Atlanta Falcons Sphincter May Injure Necks

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Every time I see one of the local news stations run the animation of the retractable roof on the new Falcons stadium I cringe because it’s not a terribly elegant solution. It’s somewhat ironic that the supporters of the new stadium have gone to such great efforts to label the current football stadium as “tired and ugly”, and then went and picked something with such a massively dark roof, penetrated by such a small oculus – it’s a modern rendition of the Pantheon, without the elegant Roman engineering.  When city leaders and football chiefs explain how the stadium will “let the sun shine in” you get the impression that the experience will be like sitting in the Rose Bowl, with nothing but sky above you.

I mean, look at this photo of the sponsors with the model – it looks awesome!!

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Note: the roof of the model has been removed so that you can see the field.

Here, take a look a this aerial rendering. This begins to tell the real story of that roof.

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That football field sure is waaaaay down at the bottom of that dark well… but maybe this rendering is set at an unflattering camera angle, so let’s take a look at a more technical view that will clearly show us how far up there that little hole is.

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Wow. It really is way up there, and it’s really small, do you see that? It’s not much bigger than the field itself!  Most of the seats aren’t under the opening, and do you see all those dark seats in the upper level? They’re really sheltered beneath that hard roof. Fortunately, those big windows on the side will help get some light in there, but they must have added a lot of additional lighting up there for night games and overcast days. On the plus side, it’s fairly unlikely that people in those seats will need to wear sunblock.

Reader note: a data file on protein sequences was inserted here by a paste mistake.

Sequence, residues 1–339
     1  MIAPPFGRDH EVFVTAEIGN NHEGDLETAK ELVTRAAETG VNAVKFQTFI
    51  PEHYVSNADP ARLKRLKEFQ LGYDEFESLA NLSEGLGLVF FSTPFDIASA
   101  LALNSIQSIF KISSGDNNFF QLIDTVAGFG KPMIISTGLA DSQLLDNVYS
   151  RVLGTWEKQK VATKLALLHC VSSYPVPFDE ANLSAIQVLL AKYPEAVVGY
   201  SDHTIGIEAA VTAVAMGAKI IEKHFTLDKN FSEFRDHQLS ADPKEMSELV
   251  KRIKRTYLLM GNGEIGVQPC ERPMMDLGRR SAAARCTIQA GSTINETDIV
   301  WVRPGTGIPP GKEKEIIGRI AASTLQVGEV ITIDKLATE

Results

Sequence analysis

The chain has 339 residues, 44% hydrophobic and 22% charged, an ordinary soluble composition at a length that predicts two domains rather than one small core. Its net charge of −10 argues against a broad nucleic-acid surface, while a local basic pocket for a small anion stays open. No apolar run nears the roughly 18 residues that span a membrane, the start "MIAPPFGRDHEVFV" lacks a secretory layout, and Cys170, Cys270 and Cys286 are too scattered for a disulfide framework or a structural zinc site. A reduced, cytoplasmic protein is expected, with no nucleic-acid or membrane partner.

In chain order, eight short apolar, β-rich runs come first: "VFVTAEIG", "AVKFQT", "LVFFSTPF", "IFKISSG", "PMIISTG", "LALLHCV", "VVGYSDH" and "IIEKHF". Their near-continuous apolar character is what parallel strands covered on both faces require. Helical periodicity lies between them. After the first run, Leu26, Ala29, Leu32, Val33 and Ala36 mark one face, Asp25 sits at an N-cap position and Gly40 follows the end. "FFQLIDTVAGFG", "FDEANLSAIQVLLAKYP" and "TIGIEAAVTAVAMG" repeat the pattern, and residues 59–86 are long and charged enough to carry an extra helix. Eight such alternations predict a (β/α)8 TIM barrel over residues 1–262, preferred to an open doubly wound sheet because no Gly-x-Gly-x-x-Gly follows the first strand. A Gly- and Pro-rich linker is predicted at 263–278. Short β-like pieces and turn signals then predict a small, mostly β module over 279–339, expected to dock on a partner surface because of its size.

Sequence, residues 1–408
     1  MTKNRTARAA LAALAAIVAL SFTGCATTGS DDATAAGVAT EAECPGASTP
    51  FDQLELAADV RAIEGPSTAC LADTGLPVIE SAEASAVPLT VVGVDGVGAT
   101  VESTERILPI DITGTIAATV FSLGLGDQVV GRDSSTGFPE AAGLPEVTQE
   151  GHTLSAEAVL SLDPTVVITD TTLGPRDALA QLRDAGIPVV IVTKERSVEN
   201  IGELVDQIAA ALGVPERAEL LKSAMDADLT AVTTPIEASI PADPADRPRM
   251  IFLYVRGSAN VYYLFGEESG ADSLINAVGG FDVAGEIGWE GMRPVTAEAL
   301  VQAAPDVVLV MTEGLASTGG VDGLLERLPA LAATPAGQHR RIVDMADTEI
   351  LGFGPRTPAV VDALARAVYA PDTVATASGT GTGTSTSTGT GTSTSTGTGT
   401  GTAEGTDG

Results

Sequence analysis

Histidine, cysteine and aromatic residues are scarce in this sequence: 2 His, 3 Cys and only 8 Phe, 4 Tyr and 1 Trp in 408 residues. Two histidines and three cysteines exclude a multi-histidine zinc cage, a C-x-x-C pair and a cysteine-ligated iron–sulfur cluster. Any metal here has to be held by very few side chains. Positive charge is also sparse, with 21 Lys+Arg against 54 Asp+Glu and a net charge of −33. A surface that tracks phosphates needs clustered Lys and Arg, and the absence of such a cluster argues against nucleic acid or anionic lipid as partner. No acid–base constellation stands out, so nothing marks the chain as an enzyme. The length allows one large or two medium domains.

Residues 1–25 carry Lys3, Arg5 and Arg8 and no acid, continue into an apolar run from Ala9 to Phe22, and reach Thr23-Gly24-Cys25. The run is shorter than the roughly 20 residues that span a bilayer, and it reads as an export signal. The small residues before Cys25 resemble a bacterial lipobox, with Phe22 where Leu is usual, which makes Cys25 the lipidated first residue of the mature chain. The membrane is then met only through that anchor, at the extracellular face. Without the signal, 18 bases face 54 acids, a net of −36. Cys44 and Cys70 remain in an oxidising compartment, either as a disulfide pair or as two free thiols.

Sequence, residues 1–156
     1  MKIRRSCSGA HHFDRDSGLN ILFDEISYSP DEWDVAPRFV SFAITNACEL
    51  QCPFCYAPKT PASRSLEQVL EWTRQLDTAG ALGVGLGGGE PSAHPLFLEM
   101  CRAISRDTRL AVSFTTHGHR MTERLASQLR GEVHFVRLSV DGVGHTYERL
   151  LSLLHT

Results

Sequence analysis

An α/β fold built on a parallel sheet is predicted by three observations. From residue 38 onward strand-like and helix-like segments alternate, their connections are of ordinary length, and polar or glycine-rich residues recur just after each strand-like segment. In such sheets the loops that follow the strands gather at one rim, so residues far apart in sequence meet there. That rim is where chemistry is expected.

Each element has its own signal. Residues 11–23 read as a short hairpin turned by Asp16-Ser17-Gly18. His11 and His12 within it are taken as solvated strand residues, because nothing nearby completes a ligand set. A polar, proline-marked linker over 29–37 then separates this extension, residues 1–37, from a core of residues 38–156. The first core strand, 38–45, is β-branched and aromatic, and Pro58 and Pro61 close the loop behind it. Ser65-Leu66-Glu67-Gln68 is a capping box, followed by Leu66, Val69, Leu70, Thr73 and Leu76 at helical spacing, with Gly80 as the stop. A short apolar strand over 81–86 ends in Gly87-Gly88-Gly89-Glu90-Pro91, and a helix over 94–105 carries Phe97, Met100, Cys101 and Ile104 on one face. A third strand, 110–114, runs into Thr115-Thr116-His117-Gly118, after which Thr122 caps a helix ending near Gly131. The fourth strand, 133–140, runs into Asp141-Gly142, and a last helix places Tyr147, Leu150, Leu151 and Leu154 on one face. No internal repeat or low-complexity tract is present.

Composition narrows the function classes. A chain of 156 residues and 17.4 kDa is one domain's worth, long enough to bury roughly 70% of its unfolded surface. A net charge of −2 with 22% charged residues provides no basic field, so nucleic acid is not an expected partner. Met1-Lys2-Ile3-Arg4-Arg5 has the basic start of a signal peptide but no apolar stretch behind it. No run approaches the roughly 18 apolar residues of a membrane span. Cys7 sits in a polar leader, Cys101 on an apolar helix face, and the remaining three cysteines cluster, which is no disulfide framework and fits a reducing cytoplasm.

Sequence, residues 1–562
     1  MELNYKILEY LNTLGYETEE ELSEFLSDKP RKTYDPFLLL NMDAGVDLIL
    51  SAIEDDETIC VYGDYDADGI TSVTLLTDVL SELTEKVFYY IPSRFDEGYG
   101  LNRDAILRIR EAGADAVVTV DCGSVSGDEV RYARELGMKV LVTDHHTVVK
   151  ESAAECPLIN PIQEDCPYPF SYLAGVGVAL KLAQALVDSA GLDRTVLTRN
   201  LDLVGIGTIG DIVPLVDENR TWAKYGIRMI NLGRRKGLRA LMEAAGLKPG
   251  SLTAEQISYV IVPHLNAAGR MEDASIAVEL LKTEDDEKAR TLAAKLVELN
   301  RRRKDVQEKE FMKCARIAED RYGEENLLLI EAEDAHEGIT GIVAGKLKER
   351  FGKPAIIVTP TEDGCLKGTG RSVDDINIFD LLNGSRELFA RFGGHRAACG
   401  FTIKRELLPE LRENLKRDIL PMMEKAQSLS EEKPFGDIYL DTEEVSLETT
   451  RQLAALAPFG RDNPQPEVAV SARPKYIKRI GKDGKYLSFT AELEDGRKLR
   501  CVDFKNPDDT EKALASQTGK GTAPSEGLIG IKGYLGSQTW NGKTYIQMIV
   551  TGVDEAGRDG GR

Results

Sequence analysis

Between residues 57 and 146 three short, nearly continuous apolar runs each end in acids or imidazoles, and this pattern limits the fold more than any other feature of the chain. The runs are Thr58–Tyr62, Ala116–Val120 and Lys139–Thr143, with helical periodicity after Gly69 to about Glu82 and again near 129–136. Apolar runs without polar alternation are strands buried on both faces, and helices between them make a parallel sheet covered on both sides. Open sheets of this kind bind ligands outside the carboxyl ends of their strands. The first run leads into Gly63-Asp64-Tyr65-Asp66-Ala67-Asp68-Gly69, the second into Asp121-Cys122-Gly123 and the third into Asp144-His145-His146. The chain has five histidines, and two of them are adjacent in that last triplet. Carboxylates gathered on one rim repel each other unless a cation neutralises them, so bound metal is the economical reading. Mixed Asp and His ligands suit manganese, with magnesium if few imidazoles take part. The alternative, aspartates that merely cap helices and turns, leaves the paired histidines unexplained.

One more thing.

Do me a favor and look at this cross-section of the new stadium. This version of the stadium rendering is a LOT flatter than the previous image, and I don’t know which of the two is more accurate.  However, for the sake of being conservative it’s the one that I’m going to use in a little experiment to see how far I would have to crane my head back in order to see out of that little hole in the roof.

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Do you see that green diagonal line in the middle of the image?

That’s a line that I projected from the eyes of a tiny model of myself that’s seated in the front row of the end zone. The head on my mini-me has been set to be looking straight ahead, parallel to the ground plane.

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I took my tiny head and leaned it back until the line projecting straight ahead from my tiny face was touching the edge of the opening in the roof (that’s the green line in the cross-section up above).  Next, I leaned my little head back even more, so that the line touched the TOP of that opening in the roof (the part that will be the top of the structures that make up the wings of the moving roof elements. Take a look:

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The angle I get from repeated tests is approximately 37 degrees above from the ground plane – and that’s just to see the top edge of the hole. You’ll have to tip your head even farther back to actually stare up at the sky – and that’s assuming that the flat version of the stadium is the one that gets built. If that really tall version is the one they’re building then you’re going to need professional help.  Chiropractors who wish to become marvelously wealthy should take out a loan to advertise about neck treatments on the in-stadium screens.

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